How can a leader hold anyone accountable if there isn’t alignment and understanding as to what success looks like? To compound the issue, a leader who sends confused or mixed messages about performance will be contributing to a culture of mistrust, uncertainty, doubt, and fear. So why is getting clarity and alignment about roles and goals so difficult to get right?

Here’s what I’ve heard:

– I thought they understood ….
– We discussed expectations in performance reviews
– We reviewed team goals at the staff meeting
– I sent out an e-mail to the team
– It’s obvious what we need to do to succeed – meet our numbers!
– We don’t have time to _____________________.

The only problem here is the belief that people hear and perceive messages the same way. It’s a common misperception that because we’re in the same situational experience, we all must be experiencing it the same way. In actual fact, we are never having a common situational experience. Ten leaders on a conference call or sitting around a board room table are having 10 different, thought-generated experiences on a continuum of clarity and presence to disengaged and checked out. And, that level of clarity and presence will fluctuate throughout the meeting within each individual.

A leader who understands the inside-out nature of reality in the moment will naturally want to verify and validate what his/her team members are hearing. It won’t make sense to broadcast a one-way message to a distracted team, to assume silence equals agreement, or to believe that sending an e-mail will “make it so.”

Furthermore, a leader who realizes that the frustration s/he feels when communicating current business challenges and expectations is always and only coming from thought in the moment and not the situation or the team’s reactions, will be better able to maintain the presence and connection required for getting alignment and commitment.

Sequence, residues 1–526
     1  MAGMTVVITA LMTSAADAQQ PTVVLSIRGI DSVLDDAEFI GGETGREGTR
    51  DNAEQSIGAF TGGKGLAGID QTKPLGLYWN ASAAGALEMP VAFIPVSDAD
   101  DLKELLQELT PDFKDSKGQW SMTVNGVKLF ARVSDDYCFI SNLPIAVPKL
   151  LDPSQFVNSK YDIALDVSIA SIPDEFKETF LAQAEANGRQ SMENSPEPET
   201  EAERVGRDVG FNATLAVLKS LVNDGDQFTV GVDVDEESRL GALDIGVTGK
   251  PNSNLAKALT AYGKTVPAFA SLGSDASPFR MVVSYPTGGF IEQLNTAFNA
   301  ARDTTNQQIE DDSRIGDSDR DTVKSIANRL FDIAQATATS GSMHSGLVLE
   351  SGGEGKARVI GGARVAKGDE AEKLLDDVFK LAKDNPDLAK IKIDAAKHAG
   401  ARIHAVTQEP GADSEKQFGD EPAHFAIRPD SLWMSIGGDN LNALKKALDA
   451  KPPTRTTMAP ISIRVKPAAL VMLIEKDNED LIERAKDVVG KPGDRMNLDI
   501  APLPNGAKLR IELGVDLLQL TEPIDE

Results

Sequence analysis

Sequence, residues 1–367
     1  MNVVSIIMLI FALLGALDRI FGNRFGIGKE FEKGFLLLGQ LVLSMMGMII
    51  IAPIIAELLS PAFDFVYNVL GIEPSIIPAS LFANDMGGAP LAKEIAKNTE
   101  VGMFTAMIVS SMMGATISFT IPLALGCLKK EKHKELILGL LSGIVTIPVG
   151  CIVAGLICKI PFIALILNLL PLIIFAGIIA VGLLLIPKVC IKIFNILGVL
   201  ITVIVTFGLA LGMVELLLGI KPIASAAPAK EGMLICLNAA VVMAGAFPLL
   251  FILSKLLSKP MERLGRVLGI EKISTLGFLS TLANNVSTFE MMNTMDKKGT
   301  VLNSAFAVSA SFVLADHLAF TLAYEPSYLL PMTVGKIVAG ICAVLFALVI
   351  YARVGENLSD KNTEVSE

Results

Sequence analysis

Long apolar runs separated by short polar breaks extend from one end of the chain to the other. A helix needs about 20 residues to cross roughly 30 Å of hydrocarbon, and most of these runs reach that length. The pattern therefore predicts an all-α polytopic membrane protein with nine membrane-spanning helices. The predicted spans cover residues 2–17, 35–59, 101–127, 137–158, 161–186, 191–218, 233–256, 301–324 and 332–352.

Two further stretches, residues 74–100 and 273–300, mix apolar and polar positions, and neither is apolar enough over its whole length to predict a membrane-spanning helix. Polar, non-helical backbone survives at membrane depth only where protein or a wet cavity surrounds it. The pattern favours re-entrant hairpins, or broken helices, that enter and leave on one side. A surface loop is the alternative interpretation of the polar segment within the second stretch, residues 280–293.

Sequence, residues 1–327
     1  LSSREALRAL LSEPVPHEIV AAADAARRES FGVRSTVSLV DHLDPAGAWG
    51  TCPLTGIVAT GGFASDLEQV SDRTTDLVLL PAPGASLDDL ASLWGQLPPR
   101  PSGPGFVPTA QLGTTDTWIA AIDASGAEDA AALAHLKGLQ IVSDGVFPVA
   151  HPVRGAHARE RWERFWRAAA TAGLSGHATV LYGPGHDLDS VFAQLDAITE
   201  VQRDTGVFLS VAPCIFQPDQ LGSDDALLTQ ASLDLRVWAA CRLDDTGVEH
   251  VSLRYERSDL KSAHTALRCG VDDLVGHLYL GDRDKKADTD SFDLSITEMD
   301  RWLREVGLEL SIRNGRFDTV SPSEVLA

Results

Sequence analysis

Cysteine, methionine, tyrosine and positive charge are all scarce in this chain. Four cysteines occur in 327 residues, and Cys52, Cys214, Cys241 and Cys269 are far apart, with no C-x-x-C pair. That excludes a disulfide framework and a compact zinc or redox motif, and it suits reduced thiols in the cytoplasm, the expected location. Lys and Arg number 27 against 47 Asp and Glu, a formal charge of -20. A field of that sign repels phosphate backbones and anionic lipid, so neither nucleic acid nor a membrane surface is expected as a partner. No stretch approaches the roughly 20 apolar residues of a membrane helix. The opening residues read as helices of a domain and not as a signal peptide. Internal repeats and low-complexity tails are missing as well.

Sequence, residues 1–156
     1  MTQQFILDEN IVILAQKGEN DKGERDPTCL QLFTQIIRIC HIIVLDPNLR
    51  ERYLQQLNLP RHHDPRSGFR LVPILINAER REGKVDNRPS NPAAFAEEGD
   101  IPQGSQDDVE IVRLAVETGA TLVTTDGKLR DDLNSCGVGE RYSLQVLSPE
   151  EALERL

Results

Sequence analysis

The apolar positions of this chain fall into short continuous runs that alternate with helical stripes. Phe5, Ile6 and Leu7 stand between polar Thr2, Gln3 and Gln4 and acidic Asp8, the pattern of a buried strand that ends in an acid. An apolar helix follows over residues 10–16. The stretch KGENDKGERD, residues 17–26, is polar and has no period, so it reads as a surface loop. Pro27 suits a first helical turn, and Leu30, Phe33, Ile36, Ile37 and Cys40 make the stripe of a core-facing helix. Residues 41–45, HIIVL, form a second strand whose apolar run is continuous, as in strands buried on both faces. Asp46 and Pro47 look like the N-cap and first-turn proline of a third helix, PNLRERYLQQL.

2. Provide honest, timely feedback on progress or lack thereof.
I’m beginning to suspect that the current over-emphasis on being politically correct is contributing to a lack of honest conversations about progress on goals and objectives. Some corporate cultures seem to reinforce the old adage “if you can’t say something nice…” sending an implied message that negative/constructive feedback is somehow disrespectful. Isn’t it disrespectful not to be honest with people?

Again, the faulty reasoning that our feelings come from anything other than thought in the moment is at play. Some leaders worry about how critical feedback will be received and from that place of worry and discomfort, they deliver vague, confusing messages about performance – or avoid having the discussion altogether. Others may take poor performance personally and react from feelings of anger and frustration that look absolutely justified when one believes that circumstances cause feelings – and therefore that dire circumstances require “tough talk.”

There are many reasons for lack of progress or poor performance, but there’s only one way to really understand what’s going on. We need to have a connected conversation from a space of mental clarity. And finding this space is not about tips or techniques. Every introductory supervisor training has a module covering performance feedback. There’s no formula for interpersonal effectiveness – it’s about understanding how human beings operate.

The Secret to Holding People Accountable

The key to more effective conversations about performance is realizing two facts:

1. We are all living in separate realities created by thought taking form uniquely in each person, in every moment

2. Our feelings are always and only coming from our thinking and not the circumstances

Each of us is living in an ever-changing world of thought in the moment – from inside of us, not from circumstances or other people. When we realize how the mind works, we don’t waste energy and create noise in the system looking outside of ourselves for the cause of our emotions in the moment. Without that activity, mental clarity is our natural state of mind. From that space, wisdom, common sense, and connection emerge and honest, effective conversations are possible, regardless of the situation.